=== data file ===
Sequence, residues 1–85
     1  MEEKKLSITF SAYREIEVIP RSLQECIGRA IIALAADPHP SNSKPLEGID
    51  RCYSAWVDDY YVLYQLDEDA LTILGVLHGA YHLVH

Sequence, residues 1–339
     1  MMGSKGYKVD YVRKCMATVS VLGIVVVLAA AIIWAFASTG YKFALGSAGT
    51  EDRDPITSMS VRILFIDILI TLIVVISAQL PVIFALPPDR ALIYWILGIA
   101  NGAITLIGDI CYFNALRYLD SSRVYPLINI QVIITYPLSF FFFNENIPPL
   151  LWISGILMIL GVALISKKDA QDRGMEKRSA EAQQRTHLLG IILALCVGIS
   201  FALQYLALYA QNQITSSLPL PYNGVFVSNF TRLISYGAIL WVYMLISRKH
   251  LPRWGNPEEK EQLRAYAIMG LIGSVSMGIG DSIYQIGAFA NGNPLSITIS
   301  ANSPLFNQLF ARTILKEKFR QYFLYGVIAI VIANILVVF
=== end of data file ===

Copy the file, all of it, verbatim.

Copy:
Sequence, residues 1–85
     1  MEEKKLSITF SAYREIEVIP RSLQECIGRA IIALAADPHP SNSKPLEGID
    51  RCYSAWVDDY YVLYQLDEDA LTILGVLHGA YHLVH

Sequence, residues 1–339
     1  MMGSKGYKVD YVRKCMATVS VLGIVVVLAA AIIWAFASTG YKFALGSAGT
    51  EDRDPITSMS VRILFIDILI TLIVVISAQL PVIFALPPDR ALIYWILGIA
   101  NGAITLIGDI CYFNALRYLD SSRVYPLINI QVIITYPLSF FFFNENIPPL
   151  LWISGILMIL GVALISKKDA QDRGMEKRSA EAQQRTHLLG IILALCVGIS
   201  FALQYLALYA QNQITSSLPL PYNGVFVSNF TRLISYGAIL WVYMLISRKH
   251  LPRWGNPEEK EQLRAYAIMG LIGSVSMGIG DSIYQIGAFA NGNPLSITIS
   301  ANSPLFNQLF ARTILKEKFR QYFLYGVIAI VIANILVVF